About 18 months ago, a couple of employees who had worked on the livestreaming service for France’s DailyMotion had an idea: The time is right to make a version of this for people’s smartphones.

But as the team of five people worked furiously to develop NomadCast for launch this year, they watched as a series of competitors beat them to the punch. Meerkat. Twitter’s PeriscopeStre.am.

And even last week, as the soft launch of NomadCast was accelerating, Facebook announced Facebook Live, its livestreaming service just for celebs (at least for now).

The problem: NomadCast was unable to raise any money from French venture capitalists. Had the company been able to raise a seed round, it could have hired more developers and gotten the product out the door months ago.

The founders didn’t need much. Maybe just $500,000 or a $1 million. You know, the kind of spare change Silicon Valley VCs carry around in their pockets to hand out at cocktail parties.

That lack of speed, caused in part by a shortage of VC money in France, is something I hear entrepreneurs complain about constantly.

“That’s the really frustrating part,” said Timothée Le Borgne, chief executive of NomadCast. “It’s really, really complicated to get VCs excited about B2C businesses in France. If someone could have given us the money so we could have been a bigger team, we would have been much more efficient.”

Of course, lots of entrepreneurs can’t raise money, and the bar should be high. But with the track record at DailyMotion, and the fact that many people saw livestreaming from mobile as ripe for innovation, one would think somebody would have been willing to give NomadCast at least a little backing.

Meerkat raised $14 million after its launch this year. And Twitter bought Periscope before it launched for an undisclosed sum back in January.

[Incidentally, Meerkat CEO Ben Rubin will be speaking at GrowthBeat, our event in SF next week focused solely on the strategies and technologies companies must use to grow quickly.]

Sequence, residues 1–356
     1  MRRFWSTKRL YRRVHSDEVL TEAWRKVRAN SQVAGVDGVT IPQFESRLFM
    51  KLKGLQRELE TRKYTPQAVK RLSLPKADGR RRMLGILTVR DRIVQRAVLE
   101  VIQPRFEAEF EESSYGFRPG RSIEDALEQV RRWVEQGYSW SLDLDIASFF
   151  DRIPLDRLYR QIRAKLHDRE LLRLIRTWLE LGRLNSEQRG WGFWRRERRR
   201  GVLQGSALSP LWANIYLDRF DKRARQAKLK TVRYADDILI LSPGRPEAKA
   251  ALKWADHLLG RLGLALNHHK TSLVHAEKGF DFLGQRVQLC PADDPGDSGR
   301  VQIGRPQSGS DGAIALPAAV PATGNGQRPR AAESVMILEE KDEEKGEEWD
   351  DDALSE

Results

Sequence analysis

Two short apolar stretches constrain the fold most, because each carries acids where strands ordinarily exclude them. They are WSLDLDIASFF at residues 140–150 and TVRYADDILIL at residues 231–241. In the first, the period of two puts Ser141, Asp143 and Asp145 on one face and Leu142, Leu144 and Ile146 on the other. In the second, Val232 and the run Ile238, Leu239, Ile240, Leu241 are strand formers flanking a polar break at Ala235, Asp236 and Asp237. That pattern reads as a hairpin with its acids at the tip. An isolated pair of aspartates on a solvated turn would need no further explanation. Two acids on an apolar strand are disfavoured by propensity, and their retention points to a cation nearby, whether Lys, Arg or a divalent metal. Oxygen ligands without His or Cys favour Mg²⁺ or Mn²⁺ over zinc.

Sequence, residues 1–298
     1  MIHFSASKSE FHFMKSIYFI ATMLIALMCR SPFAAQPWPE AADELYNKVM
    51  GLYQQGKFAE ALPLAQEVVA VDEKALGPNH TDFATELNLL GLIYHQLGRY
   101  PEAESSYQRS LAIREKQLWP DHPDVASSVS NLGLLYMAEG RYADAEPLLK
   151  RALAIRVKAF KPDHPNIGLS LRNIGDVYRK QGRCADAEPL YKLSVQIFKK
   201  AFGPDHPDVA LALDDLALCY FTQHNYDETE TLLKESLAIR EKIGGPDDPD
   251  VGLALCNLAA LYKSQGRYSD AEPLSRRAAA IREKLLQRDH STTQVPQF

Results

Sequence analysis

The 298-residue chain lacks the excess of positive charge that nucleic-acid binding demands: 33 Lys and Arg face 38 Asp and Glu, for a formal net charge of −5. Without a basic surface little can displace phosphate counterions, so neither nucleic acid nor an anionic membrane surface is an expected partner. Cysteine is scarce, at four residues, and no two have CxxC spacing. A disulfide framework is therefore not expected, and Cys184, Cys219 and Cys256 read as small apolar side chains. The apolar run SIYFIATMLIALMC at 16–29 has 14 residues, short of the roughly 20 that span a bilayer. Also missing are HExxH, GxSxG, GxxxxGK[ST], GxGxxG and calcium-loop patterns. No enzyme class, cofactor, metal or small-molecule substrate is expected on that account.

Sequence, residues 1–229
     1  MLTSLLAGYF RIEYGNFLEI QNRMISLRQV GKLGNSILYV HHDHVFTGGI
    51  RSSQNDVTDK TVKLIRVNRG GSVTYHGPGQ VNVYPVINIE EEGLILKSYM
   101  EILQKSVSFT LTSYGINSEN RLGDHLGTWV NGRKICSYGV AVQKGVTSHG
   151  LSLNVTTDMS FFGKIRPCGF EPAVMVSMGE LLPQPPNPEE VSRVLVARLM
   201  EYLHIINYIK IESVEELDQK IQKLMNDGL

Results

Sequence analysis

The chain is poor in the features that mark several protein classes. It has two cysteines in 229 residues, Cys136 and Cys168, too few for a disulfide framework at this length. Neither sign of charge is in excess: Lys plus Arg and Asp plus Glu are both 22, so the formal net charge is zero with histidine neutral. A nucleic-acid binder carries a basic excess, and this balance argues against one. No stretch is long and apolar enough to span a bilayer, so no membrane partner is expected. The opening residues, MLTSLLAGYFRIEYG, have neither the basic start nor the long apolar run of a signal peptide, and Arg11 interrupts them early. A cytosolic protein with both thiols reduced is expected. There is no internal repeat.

Despite its less-than-ideal timing, there are plenty of reasons to be optimistic about NomadCast’s future and what it says about French entrepreneurs. Despite the lack of funding, the team still managed to build a robust livestreaming app that matches and exceeds, in some cases, the quality and features of its better-funded competitors.

Indeed, that quality has already turned some heads. With the beta version available earlier this year, the company visited Silicon Valley where, Le Borgne said, the company received an acquisition offer of more than $10 million from what he described as “one of the big guys.”

And La Borgne said he’ll start making the rounds again in September to raise some venture capital. In that weird way that tech sometimes works, now that there are multiple companies in the market, it has become easier for some investors to understand the potential — and the challenges.

Now that NomadCast is available in the Apple App Store, without any marketing, it has already grabbed 1,000 users. It has also partnered with several French newspapers who are using it for coverage of breaking news. And Kev Adams, one of France’s most popular comedians, has used it a few times.

Indeed, it’s possible that NomadCast still has some advantages over the competition.

After Meerkat and Periscope launched for people to broadcast on Twitter, NomadCast shifted a bit to focus more on Facebook (though Meerkat can also now be used on Facebook).

But in fact, NomadCast lets you livestream to Facebook and Twitter simultaneously, and it pulls comments from people on both platforms into the app while you’re streaming. Also, NomadCast is optimized for shooting horizontal video, whereas some competitors are focused on vertical video.

In addition, NomadCast archives the recordings indefinitely so they can be viewed well after the livestream ends. Because NomadCast keeps the video archived for you directly to the cloud rather than on your phone, you can use the app to shoot quick, private videos that won’t use all the storage on your phone.

So far, NomadCast users have produced 3,000 streams and 5,035 hours of video. In a few weeks, the company plans to make a bigger marketing push and start more aggressively trying to acquire users.

Whether NomadCast sells, or raises a round, it has still managed to demonstrate how far the French startup scene has come. And how far it still has to go if it wants to compete on a regular basis with Silicon Valley.